Understanding Diabetes Mellitus: How Lifestyle Interventions and Proper Healthcare Can Save Lives

Posted on Jul 23, 2021

Patients with diabetes, especially those on insulin, may need to extensively monitor their blood sugar levels to reduce the risk complications.

Diabetes mellitus (DM) is the fourth leading cause of death in the Philippines. It is a condition where the body lacks insulin or is unable to respond adequately to insulin. Insulin is the hormone responsible for turning glucose (sugar) into energy for the body. Because the body is unable to metabolize glucose, sugar remains in the person’s bloodstream, causing blood sugar levels to spike.

As of 2019, around 7.2% of the population are diagnosed with diabetes while another 14.2% are diagnosed as prediabetic. Prediabetes is a condition where the person’s blood sugar is higher than normal, but not high enough to be considered as diabetes. Adding those two statistics yields a 21.4% prevalence rate of the risk of diabetic complications, an alarming number for a country with over 100 million citizens.

There are two types of diabetes: type 1 and type 2. Type 1 diabetes is an autoimmune disease where the body is insulin-deficient because the pancreas does not make insulin. It is commonly diagnosed at a young age. On the other hand, type 2 diabetes commonly occurs in people aged 45 and above, although increasingly being diagnosed in younger ages because of the parallel increase in obesity. Overweight and obesity lead to increased insulin resistance thus making one more susceptible to developing type 2 diabetes.

The rise of blood sugar levels can lead to many complications throughout the body, such as kidney damage, slower healing of wounds, nerve damage, increased chance of stroke and heart disease, and skin and eye complications to name a few. Diabetes can also cause neuropathy, a condition where there is a painful sensation in a diabetic person’s foot caused by nerve damage.


Harvard researchers have discovered that people who consume rice 3-4 times a day are 1.5 times more susceptible to diabetes, a glaring challenge for Filipinos where white rice is a staple in Filipino cuisine.

The risk for type 2 diabetes may be hereditary, but lifestyle (poor diet and exercise habits) increase the risk further.

Maintaining a diet low in carbohydrates and trans fat can pay dividends in managing diabetes. Avoiding frequent intake of sugar-rich food such as biscuits and cookies as well as drinks like fruit juices, regular soda and sweetened beverages is a must for patients with diabetes. In a country where rice is a staple for every meal, people with diabetes must also lower their consumption of refined grains like white rice, white bread, and pasta. Steering clear of deep-fried and oily food is also another dietary habit people with diabetes must adapt due to its high levels of fat.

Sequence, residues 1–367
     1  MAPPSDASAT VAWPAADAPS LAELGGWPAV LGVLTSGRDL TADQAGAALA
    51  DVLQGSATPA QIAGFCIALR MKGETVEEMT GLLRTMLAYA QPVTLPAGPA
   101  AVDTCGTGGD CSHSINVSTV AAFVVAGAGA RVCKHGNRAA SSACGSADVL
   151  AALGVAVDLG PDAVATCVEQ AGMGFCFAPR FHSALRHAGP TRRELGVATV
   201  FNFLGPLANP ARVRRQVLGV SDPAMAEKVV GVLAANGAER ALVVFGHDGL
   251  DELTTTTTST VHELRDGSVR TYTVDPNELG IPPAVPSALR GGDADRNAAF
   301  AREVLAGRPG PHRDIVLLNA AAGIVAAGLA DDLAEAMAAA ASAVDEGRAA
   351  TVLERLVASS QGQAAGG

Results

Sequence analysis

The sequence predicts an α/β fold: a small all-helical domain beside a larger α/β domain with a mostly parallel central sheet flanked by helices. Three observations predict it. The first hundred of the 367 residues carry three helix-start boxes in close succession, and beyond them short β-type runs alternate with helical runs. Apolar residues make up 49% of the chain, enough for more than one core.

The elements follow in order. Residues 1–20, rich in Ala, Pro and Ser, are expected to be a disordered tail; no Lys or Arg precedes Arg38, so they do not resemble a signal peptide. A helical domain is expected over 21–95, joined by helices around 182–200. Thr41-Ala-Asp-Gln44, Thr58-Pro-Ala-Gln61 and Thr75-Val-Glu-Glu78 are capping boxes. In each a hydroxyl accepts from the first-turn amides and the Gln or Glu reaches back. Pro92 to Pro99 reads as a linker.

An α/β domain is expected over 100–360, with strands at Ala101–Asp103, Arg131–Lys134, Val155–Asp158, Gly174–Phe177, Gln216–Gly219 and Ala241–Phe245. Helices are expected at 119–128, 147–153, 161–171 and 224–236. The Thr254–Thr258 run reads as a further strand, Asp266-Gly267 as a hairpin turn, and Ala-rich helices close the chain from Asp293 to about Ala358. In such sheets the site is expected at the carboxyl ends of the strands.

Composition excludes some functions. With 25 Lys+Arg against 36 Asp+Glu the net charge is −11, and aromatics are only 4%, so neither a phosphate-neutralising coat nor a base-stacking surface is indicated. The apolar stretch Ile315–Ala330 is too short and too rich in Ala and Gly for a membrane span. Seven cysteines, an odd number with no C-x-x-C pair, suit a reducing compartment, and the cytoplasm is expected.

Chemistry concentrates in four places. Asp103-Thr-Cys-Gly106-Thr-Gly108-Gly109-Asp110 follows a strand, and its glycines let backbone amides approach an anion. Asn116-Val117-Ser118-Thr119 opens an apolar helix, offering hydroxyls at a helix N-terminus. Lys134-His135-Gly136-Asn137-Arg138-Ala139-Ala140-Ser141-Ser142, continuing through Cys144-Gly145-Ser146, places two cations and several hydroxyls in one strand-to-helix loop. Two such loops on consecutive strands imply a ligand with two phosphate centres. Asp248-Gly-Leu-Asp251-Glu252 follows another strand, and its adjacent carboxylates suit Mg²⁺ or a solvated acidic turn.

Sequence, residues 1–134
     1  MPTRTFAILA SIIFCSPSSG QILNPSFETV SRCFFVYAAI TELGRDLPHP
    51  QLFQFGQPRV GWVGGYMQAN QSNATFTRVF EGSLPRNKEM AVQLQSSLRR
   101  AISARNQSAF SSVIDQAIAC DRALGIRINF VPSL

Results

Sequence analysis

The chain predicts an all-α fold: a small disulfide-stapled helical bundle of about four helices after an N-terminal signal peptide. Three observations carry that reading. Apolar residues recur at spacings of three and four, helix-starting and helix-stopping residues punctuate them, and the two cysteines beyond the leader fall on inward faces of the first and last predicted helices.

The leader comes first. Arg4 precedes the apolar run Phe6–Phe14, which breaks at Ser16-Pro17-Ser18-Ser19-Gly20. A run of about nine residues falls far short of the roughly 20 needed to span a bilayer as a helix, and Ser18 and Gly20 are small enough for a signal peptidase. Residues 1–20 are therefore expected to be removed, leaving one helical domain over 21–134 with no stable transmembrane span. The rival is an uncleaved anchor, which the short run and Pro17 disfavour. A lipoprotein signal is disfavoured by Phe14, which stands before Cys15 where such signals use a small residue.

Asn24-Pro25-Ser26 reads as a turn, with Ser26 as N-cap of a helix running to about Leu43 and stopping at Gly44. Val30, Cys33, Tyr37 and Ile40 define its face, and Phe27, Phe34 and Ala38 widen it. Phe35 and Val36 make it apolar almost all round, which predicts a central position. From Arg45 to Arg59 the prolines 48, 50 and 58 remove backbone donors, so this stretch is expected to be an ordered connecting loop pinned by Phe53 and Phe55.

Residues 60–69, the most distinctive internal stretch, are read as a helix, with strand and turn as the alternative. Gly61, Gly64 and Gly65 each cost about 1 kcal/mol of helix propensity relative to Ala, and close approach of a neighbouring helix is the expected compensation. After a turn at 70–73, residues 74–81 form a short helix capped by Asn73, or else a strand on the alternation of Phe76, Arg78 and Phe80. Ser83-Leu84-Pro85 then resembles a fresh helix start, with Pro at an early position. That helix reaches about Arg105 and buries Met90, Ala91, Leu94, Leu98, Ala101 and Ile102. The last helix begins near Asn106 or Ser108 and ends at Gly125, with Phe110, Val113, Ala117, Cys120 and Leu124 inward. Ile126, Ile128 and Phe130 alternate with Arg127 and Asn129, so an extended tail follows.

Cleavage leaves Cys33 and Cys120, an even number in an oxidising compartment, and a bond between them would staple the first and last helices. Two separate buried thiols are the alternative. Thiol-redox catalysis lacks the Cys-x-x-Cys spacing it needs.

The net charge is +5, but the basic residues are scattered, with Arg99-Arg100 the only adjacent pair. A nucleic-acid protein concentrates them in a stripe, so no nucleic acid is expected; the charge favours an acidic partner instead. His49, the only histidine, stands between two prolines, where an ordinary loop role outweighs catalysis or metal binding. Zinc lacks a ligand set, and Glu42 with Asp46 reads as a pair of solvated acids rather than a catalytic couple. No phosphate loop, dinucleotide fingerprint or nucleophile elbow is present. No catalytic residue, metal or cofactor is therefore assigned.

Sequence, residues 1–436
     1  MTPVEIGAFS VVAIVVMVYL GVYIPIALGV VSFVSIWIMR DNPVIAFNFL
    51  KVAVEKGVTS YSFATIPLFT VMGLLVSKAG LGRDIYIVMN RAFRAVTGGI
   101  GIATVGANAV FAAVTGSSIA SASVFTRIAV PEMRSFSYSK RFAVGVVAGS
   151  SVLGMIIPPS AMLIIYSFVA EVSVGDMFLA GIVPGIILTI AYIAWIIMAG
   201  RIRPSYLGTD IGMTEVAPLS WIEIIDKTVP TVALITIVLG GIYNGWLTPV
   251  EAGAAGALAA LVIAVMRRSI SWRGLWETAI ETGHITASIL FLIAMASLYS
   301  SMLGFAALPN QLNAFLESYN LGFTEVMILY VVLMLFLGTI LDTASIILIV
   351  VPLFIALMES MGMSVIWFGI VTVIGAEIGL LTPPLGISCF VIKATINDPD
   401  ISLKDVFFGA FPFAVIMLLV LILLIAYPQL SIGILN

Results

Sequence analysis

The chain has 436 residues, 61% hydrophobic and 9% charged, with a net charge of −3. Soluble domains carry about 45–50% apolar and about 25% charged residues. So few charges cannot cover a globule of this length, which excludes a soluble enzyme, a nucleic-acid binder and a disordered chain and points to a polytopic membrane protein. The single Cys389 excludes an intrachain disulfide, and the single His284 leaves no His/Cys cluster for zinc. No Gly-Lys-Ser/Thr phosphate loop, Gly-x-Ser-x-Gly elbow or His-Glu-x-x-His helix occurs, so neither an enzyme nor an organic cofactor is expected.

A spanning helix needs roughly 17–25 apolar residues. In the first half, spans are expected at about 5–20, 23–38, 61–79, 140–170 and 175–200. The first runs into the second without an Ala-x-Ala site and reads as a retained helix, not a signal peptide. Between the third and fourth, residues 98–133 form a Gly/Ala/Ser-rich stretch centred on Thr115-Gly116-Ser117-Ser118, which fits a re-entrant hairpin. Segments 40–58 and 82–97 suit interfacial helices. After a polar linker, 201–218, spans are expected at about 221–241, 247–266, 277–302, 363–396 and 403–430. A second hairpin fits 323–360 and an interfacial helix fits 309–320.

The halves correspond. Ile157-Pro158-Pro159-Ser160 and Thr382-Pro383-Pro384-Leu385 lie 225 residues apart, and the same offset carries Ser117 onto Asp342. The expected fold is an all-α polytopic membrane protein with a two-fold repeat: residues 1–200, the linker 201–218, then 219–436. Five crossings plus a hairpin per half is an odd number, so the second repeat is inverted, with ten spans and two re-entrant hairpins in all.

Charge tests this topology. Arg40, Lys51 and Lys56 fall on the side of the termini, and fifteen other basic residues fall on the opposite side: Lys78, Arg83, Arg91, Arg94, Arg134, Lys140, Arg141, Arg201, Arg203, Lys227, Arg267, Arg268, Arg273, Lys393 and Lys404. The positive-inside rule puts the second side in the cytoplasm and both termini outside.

Besides maintaining a proper diet, exercise is another lifestyle intervention that can reduce the risk of diabetes complications. Doing daily exercise that targets different areas in the body will help lower glucose levels in the blood while also increasing the body’s sensitivity to insulin.


While exercise and diet may sound like a good-enough solution, the patient with diabetes must undergo regular testing, medical advice, and proper medication. Consulting with an endocrinologist will guide a person’s diabetes journey safely, providing sound medical advice on what to eat, how to exercise, and what medications to take.

The Philippine Society of Endocrinology Diabetes and Metabolism advocates Apat-Dapat, a campaign that aims to remind Filipinos about the four elements necessary in managing diabetes successfully. These elements are Ehersisyo (exercise), Wastong Pagkain (proper diet), Gamot (medications) and Pagkonsulta sa Doktor (regular consultations with doctors).

St. Luke’s Medical Center (SLMC) Diabetes, Thyroid and Endocrine Center (DTEC) founded in 2003 at SLMC Quezon City, along with the Center for Diabetes Thyroid and Endocrine Disorders (CDTED) at SLMC Global City since 2010, is one of the country’s leading diabetes and endocrine disease centers, offering state-of-the-art facilities like the Insulin Pump Clinic, the first in the country that specializes in continuous insulin delivery and Continuous Glucose Monitoring (CGM) services.

The Center also specializes in other endocrine-related disorders such as thyroid, adrenal, pituitary and reproductive disorders.

Beyond its expertise in diabetes management, patient-centered medical care is a core part of St. Luke’s mission to provide quality service to its patients. In line with this, the Center ensures its therapeutic services, diagnostic testing, and consultations are always up-to-standard for the best possible patient experience.

Diabetes is one of the most serious conditions in the Philippines and in the world. Without a proper diabetes management plan, diabetes can lead to multiple complications and increase risk for cardiovascular disease and death. Thankfully, with correct lifestyle interventions and medical help, people with diabetes have a fighting chance against the disease.


For inquiries on diabetes screening and treatment, please contact the Diabetes, Thyroid, and Endocrine Center at 8-723-0101 loc. 5210 (SLMC-Quezon City) or the Center for Diabetes, Thyroid & Endocrine Disorders at 8-789-7700 loc. 2086 (SLMC-Global City).